Published On: Wed, Mar 5th, 2014

Unveiling Pakistan’s Nuclear Mystery


Pakistan is facing one of its worst energy crises in its history. Blackouts last for more than half a day in many of cities, including the financial and industrial hub, Karachi. The shortage of electricity and gas has badly affected the country’s economy. Also with the population growth, demand for electricity is set to increase exponentially.

According to the available data at Pakistan Electric Power Company, electricity generation capacity is estimated to about 22,500MWe. The average demand is 17,000 MWe and the deficit averages between 4,000 and 5,000 MWe. Oil (35.2 per cent), hydel (29.9 per cent), gas (29 per cent), and nuclear and imported (5.8 per cent) are the principal sources.

Due to this huge energy shortage peak electricity demand is expected to rise in the next 10 years by four to five per cent. To overcome the energy crisis in Pakistan there is a dire need to come up with long term and sustainable policies.

While the unfolding disaster at Japan’s Fukushima reactor gripped the world and countries like Germany used the event to shift their reliance on other expensive alternatives, Japan is reverting back to nuclear power generation.

The lessons are simple. Japan can ill afford to shift to other sources of energy and the cost of improving its nuclear safety is much lesser than relying on other alternatives. Conversely, Germany might not have placed its all eggs in non-nuclear energy basket for safety reasons, facing gigantic challenges. The other energy sector lobbies might have used the Fukushima as an opportunity. Interestingly, Germany is spending billion’s for decommissioning its nuclear plants as it is estimated it will cost roughly €1 billion ($1.3 billion) to decommission a single nuclear reactor and billion’s to bridge the energy gap from other alternatives.

It is common knowledge that Pakistan needs uninterrupted electricity at the lowest possible cost. Like in Japan, nuclear energy presents that ceaseless and less expensive option. This simple analogy appears too complex for a fringe of naysayers who fail to provide a workable and sustainable solution to the electricity generation crisis.

Currently energy shortages are staggering the economy and contributing to unrest. But the country has options.

The kind of electricity generated from oil, solar, wind and hydroelectic is not cost effective along with complementary environmental hazards in addition. With zero emission of carbon dioxide, nuclear presents a viable option in shape of reliable supply at a competitive price.

Moreover, we just don’t have the state of the art technology required to convert the lignite coal found in Thar coal reserves into gas. Open pit mining of the coal would require massive amounts of water, which is already scarce in the Thar Desert. Apparently there is not one single scientific study on record that claims that Thar coal is both technologically and economically viable. Why waste so much money investing in fossil fuel when we are blessed with excellent track record of operating nuclear power plants.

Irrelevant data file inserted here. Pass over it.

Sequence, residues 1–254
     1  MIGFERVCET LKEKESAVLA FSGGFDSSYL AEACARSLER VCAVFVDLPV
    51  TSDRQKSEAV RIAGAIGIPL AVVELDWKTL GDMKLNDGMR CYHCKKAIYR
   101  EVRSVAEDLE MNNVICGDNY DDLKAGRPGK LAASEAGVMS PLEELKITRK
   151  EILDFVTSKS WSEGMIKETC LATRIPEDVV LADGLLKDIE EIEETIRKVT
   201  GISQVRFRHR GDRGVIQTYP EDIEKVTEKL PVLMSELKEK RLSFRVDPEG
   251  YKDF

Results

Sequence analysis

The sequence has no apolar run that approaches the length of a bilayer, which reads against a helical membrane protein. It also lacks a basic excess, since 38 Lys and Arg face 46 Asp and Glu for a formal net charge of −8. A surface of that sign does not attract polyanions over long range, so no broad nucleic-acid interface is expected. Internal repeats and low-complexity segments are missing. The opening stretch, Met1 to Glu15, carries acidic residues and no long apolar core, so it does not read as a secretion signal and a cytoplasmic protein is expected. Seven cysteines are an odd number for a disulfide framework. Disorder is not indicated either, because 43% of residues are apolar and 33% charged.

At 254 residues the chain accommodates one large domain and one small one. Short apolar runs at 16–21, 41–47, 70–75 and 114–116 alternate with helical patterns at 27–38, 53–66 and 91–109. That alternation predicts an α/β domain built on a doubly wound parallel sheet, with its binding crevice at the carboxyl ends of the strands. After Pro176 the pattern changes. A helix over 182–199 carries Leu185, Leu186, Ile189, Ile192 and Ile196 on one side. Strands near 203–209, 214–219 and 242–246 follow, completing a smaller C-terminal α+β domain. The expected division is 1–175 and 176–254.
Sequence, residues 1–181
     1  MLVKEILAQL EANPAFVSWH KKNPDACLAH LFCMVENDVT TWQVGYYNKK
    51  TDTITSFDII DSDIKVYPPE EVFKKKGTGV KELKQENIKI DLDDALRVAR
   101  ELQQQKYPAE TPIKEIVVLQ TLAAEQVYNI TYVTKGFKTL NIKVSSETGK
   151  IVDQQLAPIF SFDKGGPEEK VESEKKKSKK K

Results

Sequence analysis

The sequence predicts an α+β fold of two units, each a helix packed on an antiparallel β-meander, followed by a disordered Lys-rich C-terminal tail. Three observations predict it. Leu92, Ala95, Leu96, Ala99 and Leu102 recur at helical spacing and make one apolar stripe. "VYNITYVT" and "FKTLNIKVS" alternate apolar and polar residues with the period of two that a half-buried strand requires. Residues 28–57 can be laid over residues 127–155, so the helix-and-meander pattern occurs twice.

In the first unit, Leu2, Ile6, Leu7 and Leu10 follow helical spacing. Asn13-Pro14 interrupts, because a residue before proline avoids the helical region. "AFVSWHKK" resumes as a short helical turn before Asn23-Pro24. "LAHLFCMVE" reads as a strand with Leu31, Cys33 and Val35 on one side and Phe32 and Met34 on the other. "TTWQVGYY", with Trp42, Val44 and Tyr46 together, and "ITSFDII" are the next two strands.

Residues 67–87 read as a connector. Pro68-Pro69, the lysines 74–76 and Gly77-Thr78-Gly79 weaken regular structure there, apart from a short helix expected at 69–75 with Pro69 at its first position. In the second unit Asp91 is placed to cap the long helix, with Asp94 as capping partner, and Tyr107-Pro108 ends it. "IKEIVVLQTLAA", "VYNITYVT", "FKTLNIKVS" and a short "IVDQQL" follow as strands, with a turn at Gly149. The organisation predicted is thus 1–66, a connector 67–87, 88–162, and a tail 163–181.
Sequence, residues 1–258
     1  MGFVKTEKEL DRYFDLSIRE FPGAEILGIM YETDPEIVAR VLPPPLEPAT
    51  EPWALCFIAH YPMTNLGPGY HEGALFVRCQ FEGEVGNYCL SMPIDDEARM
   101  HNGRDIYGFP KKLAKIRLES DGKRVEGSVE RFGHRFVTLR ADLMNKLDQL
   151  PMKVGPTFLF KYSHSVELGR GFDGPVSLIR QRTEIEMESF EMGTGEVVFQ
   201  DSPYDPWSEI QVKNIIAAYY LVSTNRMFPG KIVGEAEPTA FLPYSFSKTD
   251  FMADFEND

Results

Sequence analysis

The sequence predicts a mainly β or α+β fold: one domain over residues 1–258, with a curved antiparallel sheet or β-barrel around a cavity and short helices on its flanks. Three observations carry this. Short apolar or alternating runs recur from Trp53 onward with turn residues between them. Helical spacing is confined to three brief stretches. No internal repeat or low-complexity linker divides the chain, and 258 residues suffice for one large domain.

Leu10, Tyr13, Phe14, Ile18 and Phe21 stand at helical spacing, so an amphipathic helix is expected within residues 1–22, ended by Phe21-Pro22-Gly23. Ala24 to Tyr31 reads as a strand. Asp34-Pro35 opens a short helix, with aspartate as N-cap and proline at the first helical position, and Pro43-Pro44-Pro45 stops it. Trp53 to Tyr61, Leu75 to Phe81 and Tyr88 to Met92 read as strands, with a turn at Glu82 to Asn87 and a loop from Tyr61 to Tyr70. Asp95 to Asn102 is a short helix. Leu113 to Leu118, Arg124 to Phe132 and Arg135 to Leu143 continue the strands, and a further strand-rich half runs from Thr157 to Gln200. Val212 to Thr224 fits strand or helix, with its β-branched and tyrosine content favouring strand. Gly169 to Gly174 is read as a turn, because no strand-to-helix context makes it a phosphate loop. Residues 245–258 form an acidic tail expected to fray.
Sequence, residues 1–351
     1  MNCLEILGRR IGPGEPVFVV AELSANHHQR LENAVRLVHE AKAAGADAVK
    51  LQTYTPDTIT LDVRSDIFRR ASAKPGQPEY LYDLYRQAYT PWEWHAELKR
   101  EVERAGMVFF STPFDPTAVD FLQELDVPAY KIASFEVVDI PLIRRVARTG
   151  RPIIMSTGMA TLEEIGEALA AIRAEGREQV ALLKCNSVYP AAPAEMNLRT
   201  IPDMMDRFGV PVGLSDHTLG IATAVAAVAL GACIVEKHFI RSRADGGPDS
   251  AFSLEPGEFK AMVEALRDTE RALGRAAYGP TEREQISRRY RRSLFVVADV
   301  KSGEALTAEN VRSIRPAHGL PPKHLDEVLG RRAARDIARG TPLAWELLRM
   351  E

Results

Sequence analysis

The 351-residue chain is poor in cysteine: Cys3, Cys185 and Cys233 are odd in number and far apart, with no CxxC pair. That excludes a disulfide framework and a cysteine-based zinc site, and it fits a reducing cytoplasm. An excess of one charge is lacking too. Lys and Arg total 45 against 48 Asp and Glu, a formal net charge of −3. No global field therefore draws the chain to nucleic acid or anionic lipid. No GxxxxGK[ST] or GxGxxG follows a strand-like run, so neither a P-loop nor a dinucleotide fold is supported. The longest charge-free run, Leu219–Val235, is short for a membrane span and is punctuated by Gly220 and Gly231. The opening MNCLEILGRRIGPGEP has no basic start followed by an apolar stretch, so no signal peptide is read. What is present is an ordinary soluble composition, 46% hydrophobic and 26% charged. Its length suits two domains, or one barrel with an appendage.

Pakistan’s ability to meet its energy requirements indigenously is constrained by the relatively poor quality of its coal, the feast or famine nature of hydroelectric power in a monsoon climate, and the political and security challenges of tapping effectively the natural gas reserves in its Baluchistan province. Pakistan will have to seek energy security through a mixture of external and internal sources. As one element of a long-term plan for energy diversity, nuclear power makes sense for Pakistan, as it does for many states. Pakistan thus far has a very good nuclear safety record, but a newer design would be preferable.

According to the National Transmission and Distribution Company (NTDC), annual electricity growth rate is estimated to hover around 5-6% over the next ten years, which translates to peak electricity demand of 32,000 MWe by 2020. So, to make a real and significant dent in Pakistan’s electricity shortage, much larger reactors would be needed.

Against this background, the fundamental question is: are the existing probations of our power policy appropriately encompass the evolving technologies to ensure our energy needs? The answer to this question is: No. Pakistan has no other option except gradually reduce its reliance on imported fuels, indigenize, have a healthy energy mix and produce electricity primarily through nuclear power.

The Fukushima disaster was not owing to the failure of nuclear power plant and because these were old generation models. It was because the electrical power supply to the plant failed due to massive unprecedented tsunami. It may be recalled that there were no radiation related casualties in Fukushima. Japan and other states have learnt from this experience and have taken steps to enhance nuclear safety features at the existing plants and in the designs of upcoming plants. Pakistan is not an exception to this international best practice. Nuclear energy remains popular. Who does not want it? Nuclear power plants are being built in the U.S., U.K., China, India, and even in countries that have vast fuel reserves like UAE.

By 2050, Pakistan plans to generate more than 40,000 MWe through nuclear plants. The two Chinese-funded nuclear plants are expected to be completed by 2019 and will generate some 2200MWe which will be more than the combined power of all nuclear plants operating in the country.

Like Japan, Pakistan can not afford to demur and waste time in considering the feasibility of nuclear energy. Its electrical power requirements are so large that all alternative sources of energy are welcome and nuclear is one of the alternatives. It is a need of time that to get rid of this long continued fear and salute the government for building the nuclear power plants and marshaling other sources of energy.

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